Well, I think it’s safe to say that Kindergarten has been kicking my butt. (*My* butt. Addy’s been doing great. I’m ready for afternoon naps again.) Over a month since my last post? Yikes…
I’ve been thinking about an evening a few years ago when Keith and I went out to a restaurant for dinner. We spotted a young couple at a nearby table that intrigued us. The girl (maybe late teens or early twenties) had her hoodie pulled up so far on her head that she practically created a tunnel to her face. Her shoulders sloped down and she looked uncomfortable with herself, shrinking from view. She chatted quietly with her boyfriend across the table. This was a girl who clearly wanted to not be seen. (So, naturally, I stared, but I’m a bit of a voyeur anyway.)
After a few minutes of watching her out of the corner of my eye, I finally saw the cause of her discomfort when she turned her head to talk to the waitress: a big, bright port wine stain shaped just like Addy’s, right there on her face, splotched on her cheek (and, if I recall, up onto the forehead) like spilled paint. Ah-ha!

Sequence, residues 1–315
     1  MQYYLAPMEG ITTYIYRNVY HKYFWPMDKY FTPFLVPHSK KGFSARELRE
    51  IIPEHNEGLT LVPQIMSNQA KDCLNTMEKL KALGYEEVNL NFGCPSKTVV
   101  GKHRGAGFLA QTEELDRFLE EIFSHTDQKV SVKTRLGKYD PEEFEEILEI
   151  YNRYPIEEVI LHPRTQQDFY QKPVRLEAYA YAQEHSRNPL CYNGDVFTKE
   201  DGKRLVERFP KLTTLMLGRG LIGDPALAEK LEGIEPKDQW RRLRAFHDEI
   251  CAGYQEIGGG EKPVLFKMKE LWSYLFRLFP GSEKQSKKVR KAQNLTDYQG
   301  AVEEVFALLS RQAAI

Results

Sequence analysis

I met Keith’s eye to see if he had noticed it, too. He had. We silently nodded to each other (the annoying way married people do, covering a whole conversation in a single look, but for once we actually shared the *same* conversation, a rarity). Anyway. One look, and we solemnly understood that this girl in her hoodie represented everything we DID NOT want for our baby girl: embarrassment, shame, and a certain… defeated comfort in her slouched posture. She had lost, and that was okay with her. As long as she could hide that face.
Interestingly, this young woman’s hide-from-the-world posture is precisely what attracted my attention in the first place and made me want to look more. Her defeated slouch made me wonder what her story was. Meanwhile, many people have told us that they hardly notice Addy’s stain because her personality is so grandiose, so immediately engaging that they simply don’t have time to wonder about her face while she’s telling them about her favorite movie and favorite princess and inviting them to sit down and be comfortable while she talks (and talks, and talks, and talks…).
So I wonder if that young woman had been ashamed of her face her whole life (with lax parenting), or if she learned to be ashamed later by the reactions of life’s trolls and bullies. And, if it was the latter, how can the parent of an innocent, confident kid like Addy fend off that impending shame?
Certainly lots of truthful affirmations, honest compliments, and confidence-building habits all sound good for sculpting a kick-tushy confident kid, but will it be enough, when the trolls come out, to prevent that kid from shrinking into a sloucher in a hoodie?